Couperin: Les Nations
Couperin may have been a contemporary of J.S. Bach, but his life stands in marked contrast to that of the great German. A court composer who worked at the fashion capital of the 18th century, Versailles, he was known as a trendsetter -- the author of a stylish and refined style where virtuosity and good taste worked in happy coexistence.
This is nowhere better exemplified than in his Les Nations, four trio pieces consisting of a sonata followed by a suite. While three of the Italianate sonatas were composed long before their publication date (1726), Couperin rejects his cultivation of Les Gouts-réünis -- a fusion of the two most important styles of that period, French and Italian -- for the dances. Here, instead, he opts for an overtly French idiom, one where expression and form are one and the same.
Performing Les Nations are the acclaimed early music group Musica ad Rhenum, an ensemble which aims to move, amuse and delight audiences through blending an informed historical perspective with a lively artistic spirit. Using contemporary instrumentation as well as metronome indications and marked freedom of tempo -- typical traits of the French style at that time -- Jed Wentz directs some highly charged performances.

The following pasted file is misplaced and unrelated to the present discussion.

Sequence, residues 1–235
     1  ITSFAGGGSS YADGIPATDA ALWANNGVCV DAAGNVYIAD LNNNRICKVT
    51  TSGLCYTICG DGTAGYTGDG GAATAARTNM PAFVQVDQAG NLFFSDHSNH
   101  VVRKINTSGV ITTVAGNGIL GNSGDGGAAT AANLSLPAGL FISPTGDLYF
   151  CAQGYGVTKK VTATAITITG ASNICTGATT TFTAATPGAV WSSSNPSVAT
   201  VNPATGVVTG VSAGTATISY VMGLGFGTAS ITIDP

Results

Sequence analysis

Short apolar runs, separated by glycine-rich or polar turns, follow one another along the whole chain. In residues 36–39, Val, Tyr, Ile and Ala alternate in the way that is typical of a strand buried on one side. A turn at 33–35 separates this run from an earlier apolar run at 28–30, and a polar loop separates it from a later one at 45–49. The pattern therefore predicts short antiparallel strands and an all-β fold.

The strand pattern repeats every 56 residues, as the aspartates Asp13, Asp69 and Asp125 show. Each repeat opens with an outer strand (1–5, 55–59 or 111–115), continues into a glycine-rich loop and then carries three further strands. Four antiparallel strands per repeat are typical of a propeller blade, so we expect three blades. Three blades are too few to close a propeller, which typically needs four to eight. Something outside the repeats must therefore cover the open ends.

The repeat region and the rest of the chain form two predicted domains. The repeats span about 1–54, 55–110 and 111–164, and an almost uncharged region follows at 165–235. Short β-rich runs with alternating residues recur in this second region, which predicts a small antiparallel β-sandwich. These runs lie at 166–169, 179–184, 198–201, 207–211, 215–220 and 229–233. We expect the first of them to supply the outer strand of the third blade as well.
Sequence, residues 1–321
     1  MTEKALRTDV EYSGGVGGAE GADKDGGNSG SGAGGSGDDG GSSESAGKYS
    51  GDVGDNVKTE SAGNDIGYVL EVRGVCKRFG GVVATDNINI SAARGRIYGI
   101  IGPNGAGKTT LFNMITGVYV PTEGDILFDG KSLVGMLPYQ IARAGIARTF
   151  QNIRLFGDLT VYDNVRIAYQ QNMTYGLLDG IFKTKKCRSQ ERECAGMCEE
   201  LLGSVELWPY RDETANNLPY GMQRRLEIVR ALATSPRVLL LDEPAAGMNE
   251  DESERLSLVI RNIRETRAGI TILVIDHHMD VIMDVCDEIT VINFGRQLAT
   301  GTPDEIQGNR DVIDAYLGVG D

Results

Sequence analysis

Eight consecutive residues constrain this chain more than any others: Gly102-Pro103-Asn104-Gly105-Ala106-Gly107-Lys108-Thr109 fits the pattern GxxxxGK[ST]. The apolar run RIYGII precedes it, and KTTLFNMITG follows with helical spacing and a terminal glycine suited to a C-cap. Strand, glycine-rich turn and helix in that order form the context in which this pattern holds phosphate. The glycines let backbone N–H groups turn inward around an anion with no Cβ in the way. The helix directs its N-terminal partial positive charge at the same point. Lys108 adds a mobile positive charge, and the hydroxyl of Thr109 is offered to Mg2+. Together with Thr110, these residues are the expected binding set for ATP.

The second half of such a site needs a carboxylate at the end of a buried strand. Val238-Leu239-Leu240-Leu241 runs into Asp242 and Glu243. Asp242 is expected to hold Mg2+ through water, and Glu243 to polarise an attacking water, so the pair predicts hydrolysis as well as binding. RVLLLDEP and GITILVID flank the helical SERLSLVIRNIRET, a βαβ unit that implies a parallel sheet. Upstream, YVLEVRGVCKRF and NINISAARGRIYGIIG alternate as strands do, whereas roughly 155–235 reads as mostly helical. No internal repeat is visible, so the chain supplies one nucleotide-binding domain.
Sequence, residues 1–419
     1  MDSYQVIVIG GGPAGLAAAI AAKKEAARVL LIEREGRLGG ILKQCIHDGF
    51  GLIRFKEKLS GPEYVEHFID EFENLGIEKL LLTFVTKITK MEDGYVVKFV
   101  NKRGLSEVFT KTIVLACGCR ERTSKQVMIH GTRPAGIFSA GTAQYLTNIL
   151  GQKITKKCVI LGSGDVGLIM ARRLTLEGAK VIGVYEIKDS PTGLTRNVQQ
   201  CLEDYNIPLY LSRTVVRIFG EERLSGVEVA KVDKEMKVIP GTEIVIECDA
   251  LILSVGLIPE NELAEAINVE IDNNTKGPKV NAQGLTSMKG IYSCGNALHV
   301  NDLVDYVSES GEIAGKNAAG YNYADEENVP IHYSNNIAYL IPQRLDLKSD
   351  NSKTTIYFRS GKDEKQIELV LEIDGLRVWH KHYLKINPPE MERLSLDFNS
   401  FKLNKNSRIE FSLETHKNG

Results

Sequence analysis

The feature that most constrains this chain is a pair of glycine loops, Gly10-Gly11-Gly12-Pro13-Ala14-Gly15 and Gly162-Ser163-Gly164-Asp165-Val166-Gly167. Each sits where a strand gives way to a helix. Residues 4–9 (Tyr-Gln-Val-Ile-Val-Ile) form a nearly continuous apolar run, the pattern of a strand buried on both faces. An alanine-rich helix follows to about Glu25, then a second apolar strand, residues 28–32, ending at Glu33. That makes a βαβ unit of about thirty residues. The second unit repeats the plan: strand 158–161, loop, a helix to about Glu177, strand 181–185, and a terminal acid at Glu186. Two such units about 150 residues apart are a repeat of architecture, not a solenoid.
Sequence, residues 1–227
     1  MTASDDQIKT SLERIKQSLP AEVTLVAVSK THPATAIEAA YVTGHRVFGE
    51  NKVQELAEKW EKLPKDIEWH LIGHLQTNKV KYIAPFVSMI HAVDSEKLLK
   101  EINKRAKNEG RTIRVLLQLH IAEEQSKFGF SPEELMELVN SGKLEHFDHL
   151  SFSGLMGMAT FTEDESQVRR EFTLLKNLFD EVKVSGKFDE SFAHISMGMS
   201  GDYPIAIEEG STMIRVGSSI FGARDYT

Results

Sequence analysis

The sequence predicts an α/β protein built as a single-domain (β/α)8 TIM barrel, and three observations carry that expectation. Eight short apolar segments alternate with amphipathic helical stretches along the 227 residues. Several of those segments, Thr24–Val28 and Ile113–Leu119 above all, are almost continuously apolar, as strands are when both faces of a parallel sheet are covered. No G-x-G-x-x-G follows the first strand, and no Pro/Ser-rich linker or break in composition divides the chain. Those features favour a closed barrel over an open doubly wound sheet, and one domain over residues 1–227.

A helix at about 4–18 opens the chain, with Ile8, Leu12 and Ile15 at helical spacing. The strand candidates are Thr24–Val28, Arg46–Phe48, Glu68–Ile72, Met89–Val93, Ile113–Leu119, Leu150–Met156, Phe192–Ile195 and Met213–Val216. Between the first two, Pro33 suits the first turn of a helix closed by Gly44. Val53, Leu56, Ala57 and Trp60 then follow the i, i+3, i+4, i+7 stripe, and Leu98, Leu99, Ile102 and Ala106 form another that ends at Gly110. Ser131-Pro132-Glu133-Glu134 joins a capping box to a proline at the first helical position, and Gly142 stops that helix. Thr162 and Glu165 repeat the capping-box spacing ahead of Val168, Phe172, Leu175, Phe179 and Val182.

- Historically informed recording made in 2004.
- Musica ad Rhenum and Jed Wentz play these pieces in chamber music setting, for several string and wind instruments, in the "Authentic Performance Practice", on period instruments.
- This set is a separate issue from the Complete Chamber Music of Couperin by Musica ad Rhenum, a set which received excellent reviews in the international press, e,g. a Diapason d'Or, and Musicweb wrote: "impressive..Delicious...wonderful. Recordings are clear and beautifully focused..."
- Booklet note by Jed Wentz.